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sumati
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PostPosted: Sun Nov 17, 2019 6:07 pm    Post subject: Is there an effective method for installing Gentoo? Reply with quote

I knew already that Gentoo is difficult before I started to install it, and now I really experienced how it is difficult. The most difficult steps are the configuration of kernel and the installation of a bootloader. There are so many possibilities, even I selected all the recommended default settings, it results in a report of errors. Although the handbook offers detailed information and there are additionally also many guides for the installation, none of them can lead me to accomplishing the installation. I don't know if there are other persons who have the similar experience like mine. I wonder if there is really an effective way for the new user to finish the first part of the installation. I mean, I want to have a method which can let me just install the base system of Gentoo, namely kernel and bootloader, so that I can boot into the new system and install all other packages. I have a quite new computer with 86_64 as the architecture, prefer using rEFInd as the bootloader. (By the way, many information in the handbook and guides are out-of-date) Any suggestions are heartily welcome.
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John R. Graham
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PostPosted: Sun Nov 17, 2019 6:51 pm    Post subject: Reply with quote

Hi sumati. The first suggestion would be to bypass the kernel configuration by using genkernel. This option is described in the Handbook. It'll be one less thing for you to worry about until you gain a little more experience with Gentoo. You can always revisit this decision after you've got a working system. Most things are not final in a Gentoo install. ;)

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mike155
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PostPosted: Sun Nov 17, 2019 8:19 pm    Post subject: Reply with quote

sumati wrote:
(By the way, many information in the handbook and guides are out-of-date)

Hi sumati,

I have two questions:
  1. Which init system do you want to install? OpenRC? Or Systemd?
  2. Did you read the English handbook? Or a translation?
I just read the first part of the English handbook ('installation') carefully, because I updated the German translation. I think the handbook is still useful for users who want to install OpenRC. It's true that some parts are outdated and I agree that those sections should be updated.

The situation is worse for users who want to install Systemd. The handbook tells them in the middle of the handbook (in section 'Optional: Using systemd as the init system') to stop reading the handbook and to go to a Wiki article. Unfortunately, that article does not start where the handbook stopped. Users are lost and don't know how to proceed. That's inadequate. A fundamental overhaul of our handbook is strictly necessary. Given the fact that Systemd is a de-facto standard nowadays and that the majority of new users probably wants Systemd, the handbook should tell users how to get a Systemd machine up and running.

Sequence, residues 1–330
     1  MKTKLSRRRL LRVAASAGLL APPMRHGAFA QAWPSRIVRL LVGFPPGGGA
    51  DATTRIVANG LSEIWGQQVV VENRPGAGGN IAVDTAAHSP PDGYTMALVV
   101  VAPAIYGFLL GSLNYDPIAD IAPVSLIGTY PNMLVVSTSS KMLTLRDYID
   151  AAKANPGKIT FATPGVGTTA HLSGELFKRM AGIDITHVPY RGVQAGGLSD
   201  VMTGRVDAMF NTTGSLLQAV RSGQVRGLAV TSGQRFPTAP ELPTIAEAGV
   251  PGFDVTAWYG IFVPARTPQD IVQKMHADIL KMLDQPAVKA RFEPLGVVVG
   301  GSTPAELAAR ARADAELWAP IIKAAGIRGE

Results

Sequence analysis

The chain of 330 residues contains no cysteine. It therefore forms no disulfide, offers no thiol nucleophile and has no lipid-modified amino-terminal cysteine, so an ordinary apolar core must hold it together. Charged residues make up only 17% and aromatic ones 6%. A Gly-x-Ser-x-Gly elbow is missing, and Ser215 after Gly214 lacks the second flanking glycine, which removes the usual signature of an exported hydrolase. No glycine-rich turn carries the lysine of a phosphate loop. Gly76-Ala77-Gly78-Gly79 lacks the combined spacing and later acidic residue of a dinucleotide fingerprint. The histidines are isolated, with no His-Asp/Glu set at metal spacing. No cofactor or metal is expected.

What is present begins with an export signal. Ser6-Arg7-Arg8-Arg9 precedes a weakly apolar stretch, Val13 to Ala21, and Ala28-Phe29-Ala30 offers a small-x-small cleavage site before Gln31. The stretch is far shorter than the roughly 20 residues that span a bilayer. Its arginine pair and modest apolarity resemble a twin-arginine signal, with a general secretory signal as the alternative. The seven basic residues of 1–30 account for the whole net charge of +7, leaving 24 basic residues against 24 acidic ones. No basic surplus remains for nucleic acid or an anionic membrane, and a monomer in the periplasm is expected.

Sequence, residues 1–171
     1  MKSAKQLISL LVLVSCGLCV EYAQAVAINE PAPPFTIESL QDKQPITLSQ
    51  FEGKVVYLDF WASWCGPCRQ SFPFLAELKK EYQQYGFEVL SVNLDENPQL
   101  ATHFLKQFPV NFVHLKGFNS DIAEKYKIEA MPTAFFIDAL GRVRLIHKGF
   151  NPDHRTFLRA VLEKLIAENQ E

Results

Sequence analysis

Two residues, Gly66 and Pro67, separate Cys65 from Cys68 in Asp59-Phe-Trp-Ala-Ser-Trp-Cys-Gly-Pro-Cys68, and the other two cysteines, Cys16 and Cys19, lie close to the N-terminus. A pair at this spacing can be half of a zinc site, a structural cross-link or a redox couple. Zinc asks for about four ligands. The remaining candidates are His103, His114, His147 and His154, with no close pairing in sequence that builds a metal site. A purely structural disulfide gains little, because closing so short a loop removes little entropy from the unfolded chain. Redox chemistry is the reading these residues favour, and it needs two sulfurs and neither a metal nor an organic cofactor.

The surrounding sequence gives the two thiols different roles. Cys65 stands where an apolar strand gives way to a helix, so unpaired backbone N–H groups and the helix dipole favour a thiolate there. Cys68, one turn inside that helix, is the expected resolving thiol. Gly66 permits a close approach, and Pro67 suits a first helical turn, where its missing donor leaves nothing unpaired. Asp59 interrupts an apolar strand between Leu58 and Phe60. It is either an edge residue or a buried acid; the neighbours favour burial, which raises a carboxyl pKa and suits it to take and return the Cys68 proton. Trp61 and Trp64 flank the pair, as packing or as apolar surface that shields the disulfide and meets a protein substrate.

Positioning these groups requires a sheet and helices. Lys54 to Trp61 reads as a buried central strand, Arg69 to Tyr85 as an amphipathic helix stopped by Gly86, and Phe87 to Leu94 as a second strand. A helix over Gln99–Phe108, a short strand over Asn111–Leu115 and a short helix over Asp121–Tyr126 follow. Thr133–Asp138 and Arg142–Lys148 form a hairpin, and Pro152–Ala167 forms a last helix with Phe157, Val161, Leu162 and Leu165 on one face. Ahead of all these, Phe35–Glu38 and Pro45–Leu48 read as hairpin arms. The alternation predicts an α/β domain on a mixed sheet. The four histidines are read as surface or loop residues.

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etnull
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PostPosted: Sun Nov 17, 2019 11:14 pm    Post subject: Reply with quote

I believe my first install was with genkernel but I'm not sure, regardless it wasn't that difficult, just time consuming. It mainly depends on your prior command line experience, I remember installing Arch for the first time was difficult because I constantly forgot my partitioning scheme during all of the commands I were typing, I could mess up the chroot procedure, or I could invoke the bootstrap script from the wrong directory, very nooby mistakes like that. On the command line you have different kind of spacial awareness, it differs from regular GUI in the sense that you have to always know(remind) yourself where you are, what are you doing now and what your next step is.
The Kernel configuration usually needed for special hardware/requirements, you will tailor it to your system with time, it doesn't have to be done all at once just make initial setup for your graphic card, save your .config file, and the rest of things can be done later, always updating your config file.
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sumati
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PostPosted: Mon Nov 18, 2019 10:39 am    Post subject: Reply with quote

mike155 wrote:
sumati wrote:
(By the way, many information in the handbook and guides are out-of-date)

Hi sumati,

I have two questions:
  1. Which init system do you want to install? OpenRC? Or Systemd?
  2. Did you read the English handbook? Or a translation?
I just read the first part of the English handbook ('installation') carefully, because I updated the German translation. I think the handbook is still useful for users who want to install OpenRC. It's true that some parts are outdated and I agree that those sections should be updated.

The situation is worse for users who want to install Systemd. The handbook tells them in the middle of the handbook (in section 'Optional: Using systemd as the init system') to stop reading the handbook and to go to a Wiki article. Unfortunately, that article does not start where the handbook stopped. Users are lost and don't know how to proceed. That's inadequate. A fundamental overhaul of our handbook is strictly necessary. Given the fact that Systemd is a de-facto standard nowadays and that the majority of new users probably wants Systemd, the handbook should tell users how to get a Systemd machine up and running.

Hi Veteran,
thanks for the reply. To your first question: I read the English handbook and others like Gentoo Wiki and various Guides; and to your second question: I want to use Systemd, since it is quicker than OpernRC. Probably I need to wait until the information updated.
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sumati
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PostPosted: Mon Nov 18, 2019 11:04 am    Post subject: Reply with quote

Dear all,